This is a wonderful low glycemic, quinoa recipe called "quinotto" which is made with quinoa, a gluten free grain, instead of the arborio rice of most risotto recipes. Quinoa is a South American grain that is highly nutritious. It has 12 - 18% protein content and all 9 of the essential amino acids making it a complete protein. Quinoa and amaranth are the only grains that have all the amino acids. Vegetarians take note!
It is because of it's high protein content that it is low
glycemic. It will not raise your blood sugar. A half cup of cooked quinoa gives you 5 grams of protein or 10% of what you need in one day.
This recipe serves two as a main dish or four as a side dish. It is one of many printable low glycemic index recipes you will find on this site. Quinotto is an Italian risotto, with a Peruvian twist. It is made with quinoa instead of arborio rice which would have a high glycemic index.
This can be served with an assorted greens salad. Look for the organic, baby leafy greens in plastic containers in the super market or in bulk in your natural foods market. Arugula or watercress could be added for a nice, peppery contrast to the quinoa.
In a heavy nonstick frying pan over medium low heat, lightly toast the quinoa for about 5 minutes or until it turns slightly golden. Pour in 1 cup of boiling broth, stirring continuously. When it has been absorbed add a little more boiling liquid, stirring all the while a little at a time. Keep adding liquid until it is all absorbed. The quinoa should be just simmering. This should take about 10 minutes or so. Add the chopped shallot. Cover and remove from the heat and let rest for 5 minutes. Add the feta cheese, salt and pepper and parsley. Let it sit for 5 minutes more, fluff with fork and serve.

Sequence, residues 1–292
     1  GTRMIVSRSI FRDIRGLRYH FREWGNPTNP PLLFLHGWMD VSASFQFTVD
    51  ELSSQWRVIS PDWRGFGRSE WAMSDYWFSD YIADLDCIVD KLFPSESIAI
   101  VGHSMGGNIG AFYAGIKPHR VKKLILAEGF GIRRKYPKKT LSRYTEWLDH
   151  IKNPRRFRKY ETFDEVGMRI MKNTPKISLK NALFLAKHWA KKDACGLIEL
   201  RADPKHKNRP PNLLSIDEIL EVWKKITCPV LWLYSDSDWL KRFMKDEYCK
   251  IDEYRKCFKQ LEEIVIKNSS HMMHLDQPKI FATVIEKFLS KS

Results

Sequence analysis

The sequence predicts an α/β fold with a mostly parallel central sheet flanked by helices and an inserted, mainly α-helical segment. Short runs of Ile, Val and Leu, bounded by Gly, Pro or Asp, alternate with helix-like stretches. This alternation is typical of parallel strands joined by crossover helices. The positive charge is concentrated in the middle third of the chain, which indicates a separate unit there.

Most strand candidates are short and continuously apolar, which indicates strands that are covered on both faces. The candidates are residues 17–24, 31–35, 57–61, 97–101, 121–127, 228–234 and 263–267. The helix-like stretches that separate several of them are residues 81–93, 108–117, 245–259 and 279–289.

320 calories per serving
Quinoa is so good for you that it has been called the super grain because it is richer in essential nutrients than any of the other whole grains.
Quinoa, food of the Incas, means "mother grain."
It's the staple grain of indigenous people in South America, particularly in Peru, Bolivia and Ecuador. It contains the amino acids that are low in other grains making it high in protein and great for vegans and those wanting to eat as low glycemic as possible. It also contains iron, calcium and phospohorus, B vitamins and vitamin E. It's high in plant fat as well.
You can even buy quinoa pasta and make a spaghetti quinoa recipe using quinoa
noodles. I think the flavor is more interesting than most pasta. A brand I like a lot is Ancient Quinoa Harvest. One serving of their
quinoa linguine contains 4 grams of protein.
Eating whole grains, like this quinoa recipe, regularly, means you are not only not raising your blood sugar but you are reducing your risk of stroke. Whole grains help your digestion, support your natural immunity and prevent cancers, diabetes, high cholesterol and of course weight gain.
Quinoa is a good source of iron - one serving (half cup cooked) gives you 40% of your RDA for iron. It also contains magnesium and riboflavin which support your cardiovascular system. Enough magnesium in your diet will prevent cholesterol and also reduce the frequency of migraine headaches.
Two other aspects of quinoa I really love. Particularly in this quinoa recipe, using quinoa instead of arborio rice really reduces the time risotto usually takes. Quinoa cooks more quickly than other grains, by far, and best of all it has the most interesting flavor. Any recipe that calls for rice can be made with quinoa. Enjoy!
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